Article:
The Battle of the Yu Sheng

This year of the Dragon, I’ve had 6 Yu Shengs. Surprisingly, the Yu Shengs at the well-known restaurants like Wah Lok (Carlton Hotel) tasted weird and plasticky, while the ones at the coffee shops tasted so much better. If you don’t know what a Yu Sheng is, it’s a Chinese New Year dish popular only in Singapore and Malaysia, invented by local chefs who wanted a dish that people can get together to toss and wish luck for the new year.

The salad-like dish is typically made of shredded carrots and mixed together with peanuts, pomelo, green and yellow stuff. I never pay attention because by the time you’re done tossing, you can’t quite tell what is in it. pepper and sauces are served separately. The server is supposed to throw these ingredients in while saying a few words of well wishes that goes with the said ingredient. Sweet plum sauce signifies a sweet year ahead. Raw fish, usually salmon, means a prosperous year. the orange crackers symbolises the gold ingot of ancient China, so that means great wealth. once the ingredients are thrown in, everyone at the table sticks their chopsticks in and tosses the salad way up high. At one dinner toss, everyone was so enthusiastic that my chopstick flew to the other end of the table.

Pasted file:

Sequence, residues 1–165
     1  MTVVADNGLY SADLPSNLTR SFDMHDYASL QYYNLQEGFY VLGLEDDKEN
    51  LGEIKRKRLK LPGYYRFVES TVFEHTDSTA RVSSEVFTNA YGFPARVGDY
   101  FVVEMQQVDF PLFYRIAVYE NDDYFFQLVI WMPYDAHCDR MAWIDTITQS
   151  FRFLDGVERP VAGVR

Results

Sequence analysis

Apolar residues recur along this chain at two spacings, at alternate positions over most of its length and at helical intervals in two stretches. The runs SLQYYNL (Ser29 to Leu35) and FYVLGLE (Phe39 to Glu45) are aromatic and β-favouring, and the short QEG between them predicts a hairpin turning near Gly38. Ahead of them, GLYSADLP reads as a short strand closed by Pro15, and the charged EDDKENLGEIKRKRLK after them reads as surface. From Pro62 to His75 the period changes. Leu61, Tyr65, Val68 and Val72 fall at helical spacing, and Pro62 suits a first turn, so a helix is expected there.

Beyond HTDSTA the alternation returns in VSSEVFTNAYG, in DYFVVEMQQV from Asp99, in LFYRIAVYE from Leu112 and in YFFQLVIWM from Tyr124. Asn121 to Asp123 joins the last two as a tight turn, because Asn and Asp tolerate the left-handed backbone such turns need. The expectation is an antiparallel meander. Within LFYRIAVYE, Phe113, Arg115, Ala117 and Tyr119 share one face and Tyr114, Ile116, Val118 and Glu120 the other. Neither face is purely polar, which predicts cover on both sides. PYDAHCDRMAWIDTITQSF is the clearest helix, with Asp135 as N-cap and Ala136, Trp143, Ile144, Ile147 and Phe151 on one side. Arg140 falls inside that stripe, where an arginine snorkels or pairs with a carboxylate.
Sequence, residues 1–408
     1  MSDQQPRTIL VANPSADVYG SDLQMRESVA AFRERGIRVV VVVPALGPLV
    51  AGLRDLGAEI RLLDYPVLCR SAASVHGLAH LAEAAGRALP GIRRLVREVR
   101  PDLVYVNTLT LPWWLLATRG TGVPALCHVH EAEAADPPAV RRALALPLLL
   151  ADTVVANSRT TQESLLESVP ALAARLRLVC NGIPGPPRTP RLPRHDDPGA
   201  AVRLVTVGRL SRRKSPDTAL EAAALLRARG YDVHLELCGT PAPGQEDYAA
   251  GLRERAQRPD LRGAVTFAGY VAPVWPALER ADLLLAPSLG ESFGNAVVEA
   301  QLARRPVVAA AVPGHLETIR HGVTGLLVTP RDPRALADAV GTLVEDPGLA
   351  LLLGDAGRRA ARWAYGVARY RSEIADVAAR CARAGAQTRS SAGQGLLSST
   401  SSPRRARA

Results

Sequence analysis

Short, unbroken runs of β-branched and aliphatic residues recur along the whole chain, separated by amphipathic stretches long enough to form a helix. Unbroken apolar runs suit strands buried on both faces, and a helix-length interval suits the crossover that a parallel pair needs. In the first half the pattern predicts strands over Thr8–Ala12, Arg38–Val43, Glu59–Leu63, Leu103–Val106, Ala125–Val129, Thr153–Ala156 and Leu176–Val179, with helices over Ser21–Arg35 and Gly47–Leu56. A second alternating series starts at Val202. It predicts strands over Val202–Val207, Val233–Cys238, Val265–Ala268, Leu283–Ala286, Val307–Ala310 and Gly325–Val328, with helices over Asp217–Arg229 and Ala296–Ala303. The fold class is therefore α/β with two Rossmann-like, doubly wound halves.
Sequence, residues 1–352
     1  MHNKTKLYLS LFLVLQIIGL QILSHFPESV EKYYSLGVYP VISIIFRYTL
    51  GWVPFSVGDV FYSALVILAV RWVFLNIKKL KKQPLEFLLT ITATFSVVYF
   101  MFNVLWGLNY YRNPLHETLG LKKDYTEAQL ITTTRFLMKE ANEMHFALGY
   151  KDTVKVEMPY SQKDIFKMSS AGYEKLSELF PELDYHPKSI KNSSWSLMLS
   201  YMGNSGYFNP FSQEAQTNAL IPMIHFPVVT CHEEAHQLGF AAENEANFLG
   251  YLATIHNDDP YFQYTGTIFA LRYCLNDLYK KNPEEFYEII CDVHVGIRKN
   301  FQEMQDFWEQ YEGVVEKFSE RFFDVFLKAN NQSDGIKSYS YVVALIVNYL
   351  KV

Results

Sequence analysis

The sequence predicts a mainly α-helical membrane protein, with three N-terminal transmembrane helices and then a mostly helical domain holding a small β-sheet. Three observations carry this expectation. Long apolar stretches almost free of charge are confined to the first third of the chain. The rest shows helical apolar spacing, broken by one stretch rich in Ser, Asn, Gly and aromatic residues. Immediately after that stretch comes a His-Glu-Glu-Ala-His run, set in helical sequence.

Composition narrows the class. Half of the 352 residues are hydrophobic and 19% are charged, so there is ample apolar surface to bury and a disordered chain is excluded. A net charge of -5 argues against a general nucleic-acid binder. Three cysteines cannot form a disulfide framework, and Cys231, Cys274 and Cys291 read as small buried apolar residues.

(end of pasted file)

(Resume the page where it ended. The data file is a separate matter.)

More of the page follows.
Some tables I’ve watched toss the Yu Sheng in a discreet civilised manner. The proper way to toss Yu Sheng is to toss it high, make a hella mess and a lot of noise. Having been with the sales team for 3 years, every Yu Sheng that I’ve had with them starts off with a resounding HUAT AHH!!! shouted by 25 sales people. then everyone starts shouting their wishes. It is believed that the higher you toss, the more likely the chance of getting what you wish. Most people wish for money, good health. some people want to strike lottery (Toto or 4D). Others wish for marriage. some wish for babies. a few years ago when someone shouted MORE BABIES AH! another colleague and myself quickly backed off with our chopsticks so we don’t get “hit” with the baby wish.

I’ve never celebrated Chinese New Year in Malaysia before so i’m not sure if the Yu Sheng I had in Malacca was a Malaysian variety, a Malaccan one or just a restaurant special. Instead of the usual shredded orange and vegetables, they’ve replaced it all with fruit. Instead of the sweet sauce, they replaced it with mayonnaise. So it felt more like a fruit salad than anything else, which was the strangest thing I’ve ever eaten. we couldn’t toss high anything so instead we overturned the fruits on the platter with our spoons. very weird.

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One comment

  1. My colleague flung yu sheng in my face across the table in her enthusiasm. I was picking sesame seeds out of my hair and my bra for the next hour.

    In Penang all the yusheng I ate had dyed Mamee noodle bits in it. Very dodgy.

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